There was a period during the recent winter storm when the City of Kilgore’s water system lost 3.5 million gallons of water storage in 12 hours.
City officials had thought there were undiscovered main breaks contributing to the massive water loss the city saw between that Wednesday and Thursday — until they started getting hundreds of calls for water shutoffs, Public Works Director Clay Evers said.
Just call it death by a thousand breaks. Pipes across the city at homes and businesses and two industrial plants were bursting and causing a surge in water demand so unprecedented that the system couldn’t meet it.
The city’s winter water usage is typically around 800 gallons a minute. That week at the highest peak, it spiked to 3,500 gallons per minute, which is equivalent to the daily water usage of the City of Lufkin... and Marshall... and Kilgore... and Carthage combined.
“We were full that morning, and by 7 p.m. it was gone,” Evers said. “And when I say full, all of our available storage facilities were full of water. All of our available production wells were online and operating. And by the end of the day... by 7 p.m. we had gone below state minimums.”
Evers says that Wednesday was the day everything went haywire. Temperatures had been below freezing since the end of the week before, and Wednesday was the day things started to thaw.
Evers said two of industrial facilities in the city had large breaks in addition to the many residential and business breaks. Between seven and 10 city employees went out throughout the city to help shut off water, while roads were still hazardous.
“It was just constant shutoffs even though the night,” Evers said. “We had dispatch, we were finding homes also that were vacant, for sale, businesses that hadn’t gone and checked their water for the whole week that had experienced breaks.”
As connections were turned off, Evers said it was apparent that there was no big main break. It was all the little breaks adding up.
“The sheer number of personal water main/water system breaks inside their homes and inside businesses: you add all of those up, and that is an enormous amount of water that far exceeded our storage capacity and our ability to meet that demand,” Evers said. “We saw demands well in excess of four, five, six, seven times our highest peak demands.”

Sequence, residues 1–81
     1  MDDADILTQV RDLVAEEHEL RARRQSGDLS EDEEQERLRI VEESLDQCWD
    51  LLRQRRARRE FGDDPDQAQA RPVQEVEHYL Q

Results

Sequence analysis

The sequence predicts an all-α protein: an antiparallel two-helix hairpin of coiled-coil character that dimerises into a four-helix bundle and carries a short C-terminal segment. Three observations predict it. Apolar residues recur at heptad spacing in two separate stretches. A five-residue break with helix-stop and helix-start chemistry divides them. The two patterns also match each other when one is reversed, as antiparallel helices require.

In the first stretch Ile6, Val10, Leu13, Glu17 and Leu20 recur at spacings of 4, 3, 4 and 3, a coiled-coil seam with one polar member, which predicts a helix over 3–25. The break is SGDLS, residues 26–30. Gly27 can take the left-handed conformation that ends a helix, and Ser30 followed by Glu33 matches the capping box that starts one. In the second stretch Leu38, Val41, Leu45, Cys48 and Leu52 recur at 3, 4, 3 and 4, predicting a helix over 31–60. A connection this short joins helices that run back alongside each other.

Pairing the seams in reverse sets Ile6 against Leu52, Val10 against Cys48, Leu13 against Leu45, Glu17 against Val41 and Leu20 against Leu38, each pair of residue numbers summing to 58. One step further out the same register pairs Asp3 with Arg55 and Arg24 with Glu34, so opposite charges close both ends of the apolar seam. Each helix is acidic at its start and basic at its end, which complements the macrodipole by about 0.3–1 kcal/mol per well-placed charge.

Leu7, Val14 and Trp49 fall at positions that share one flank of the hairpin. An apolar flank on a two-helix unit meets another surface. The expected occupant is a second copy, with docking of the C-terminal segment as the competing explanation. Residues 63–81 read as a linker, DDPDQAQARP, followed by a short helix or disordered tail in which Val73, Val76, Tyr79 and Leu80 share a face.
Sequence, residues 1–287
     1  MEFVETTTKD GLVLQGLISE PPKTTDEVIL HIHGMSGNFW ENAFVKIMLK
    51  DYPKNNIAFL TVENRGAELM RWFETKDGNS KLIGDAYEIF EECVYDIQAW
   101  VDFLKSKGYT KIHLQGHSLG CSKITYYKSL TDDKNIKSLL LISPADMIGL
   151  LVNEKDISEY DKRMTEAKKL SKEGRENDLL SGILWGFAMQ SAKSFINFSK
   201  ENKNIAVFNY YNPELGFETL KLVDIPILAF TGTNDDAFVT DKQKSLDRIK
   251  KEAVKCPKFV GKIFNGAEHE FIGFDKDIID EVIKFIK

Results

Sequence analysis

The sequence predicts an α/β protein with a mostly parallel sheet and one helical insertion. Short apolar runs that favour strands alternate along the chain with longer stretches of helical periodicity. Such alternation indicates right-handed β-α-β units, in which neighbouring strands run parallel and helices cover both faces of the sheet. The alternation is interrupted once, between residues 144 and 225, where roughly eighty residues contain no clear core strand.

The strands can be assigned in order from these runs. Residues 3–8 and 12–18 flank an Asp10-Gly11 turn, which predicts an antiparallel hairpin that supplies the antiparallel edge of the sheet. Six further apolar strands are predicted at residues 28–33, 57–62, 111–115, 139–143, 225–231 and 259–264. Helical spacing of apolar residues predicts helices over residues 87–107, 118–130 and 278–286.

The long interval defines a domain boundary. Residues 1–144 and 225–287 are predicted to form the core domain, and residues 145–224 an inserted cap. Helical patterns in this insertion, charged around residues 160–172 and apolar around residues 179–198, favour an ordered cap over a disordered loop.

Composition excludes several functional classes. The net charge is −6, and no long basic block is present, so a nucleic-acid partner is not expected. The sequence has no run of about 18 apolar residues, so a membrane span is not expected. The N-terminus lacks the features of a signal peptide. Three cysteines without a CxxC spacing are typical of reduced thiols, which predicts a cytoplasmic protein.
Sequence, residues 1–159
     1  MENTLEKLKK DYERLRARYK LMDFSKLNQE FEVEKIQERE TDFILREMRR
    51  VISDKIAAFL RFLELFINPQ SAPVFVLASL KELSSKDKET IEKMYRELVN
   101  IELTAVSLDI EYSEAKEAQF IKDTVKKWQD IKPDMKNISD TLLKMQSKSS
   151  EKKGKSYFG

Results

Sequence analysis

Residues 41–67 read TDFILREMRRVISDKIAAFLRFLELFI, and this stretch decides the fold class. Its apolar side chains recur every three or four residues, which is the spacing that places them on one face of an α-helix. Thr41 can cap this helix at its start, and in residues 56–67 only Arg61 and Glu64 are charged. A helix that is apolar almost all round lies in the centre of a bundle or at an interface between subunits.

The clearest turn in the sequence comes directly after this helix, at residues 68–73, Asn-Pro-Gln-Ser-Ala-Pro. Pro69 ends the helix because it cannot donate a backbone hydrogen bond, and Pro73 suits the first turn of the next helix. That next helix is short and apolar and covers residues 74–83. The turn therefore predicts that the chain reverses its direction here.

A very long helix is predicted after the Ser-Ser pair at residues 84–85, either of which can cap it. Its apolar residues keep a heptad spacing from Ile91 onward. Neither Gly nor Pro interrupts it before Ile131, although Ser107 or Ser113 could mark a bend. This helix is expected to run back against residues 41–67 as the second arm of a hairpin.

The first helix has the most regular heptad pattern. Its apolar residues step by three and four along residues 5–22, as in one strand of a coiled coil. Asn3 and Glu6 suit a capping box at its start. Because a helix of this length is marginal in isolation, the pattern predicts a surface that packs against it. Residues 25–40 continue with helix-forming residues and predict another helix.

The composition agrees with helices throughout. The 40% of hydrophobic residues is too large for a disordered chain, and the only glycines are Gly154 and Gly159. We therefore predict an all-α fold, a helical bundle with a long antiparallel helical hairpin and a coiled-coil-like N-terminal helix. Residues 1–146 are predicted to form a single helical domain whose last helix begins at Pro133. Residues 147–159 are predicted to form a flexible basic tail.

The city still doesn’t have an exact number of water breaks, Evers said, because often while responding to one call, employees would see other breaks and shut off more water connections. The city is reconstructing that number as they get calls to turn water back on.
The city itself had 11 water main breaks between Feb. 17 and Feb. 23, when the boil notice was rescinded, most of them 2-inch lines and a handful of larger lines. One of the water system’s wells also had a frozen valve, which prevented it from coming on as demand increased; city officials had to build fires underneath the valve to break it lose.
The city also brought its water treatment plant online, which draws surface water from the Sabine River, to help replenish its empty wells. Normally the plant is not in operation in winter because the demand is not there.
“All in all, what our experience was in that particular moment over those few days was that our demand, our water loss far exceeded our storage supplies and production capacity that was available to us at that time,” Evers said. “Given the sheer number of water shutoffs, all signs point to that it was series — just a volume of people’s pipes freezing and thawing loose.
“The volume of water loss was just unprecedented in my 20-year career. I’ve never seen anything like that,” Evers said.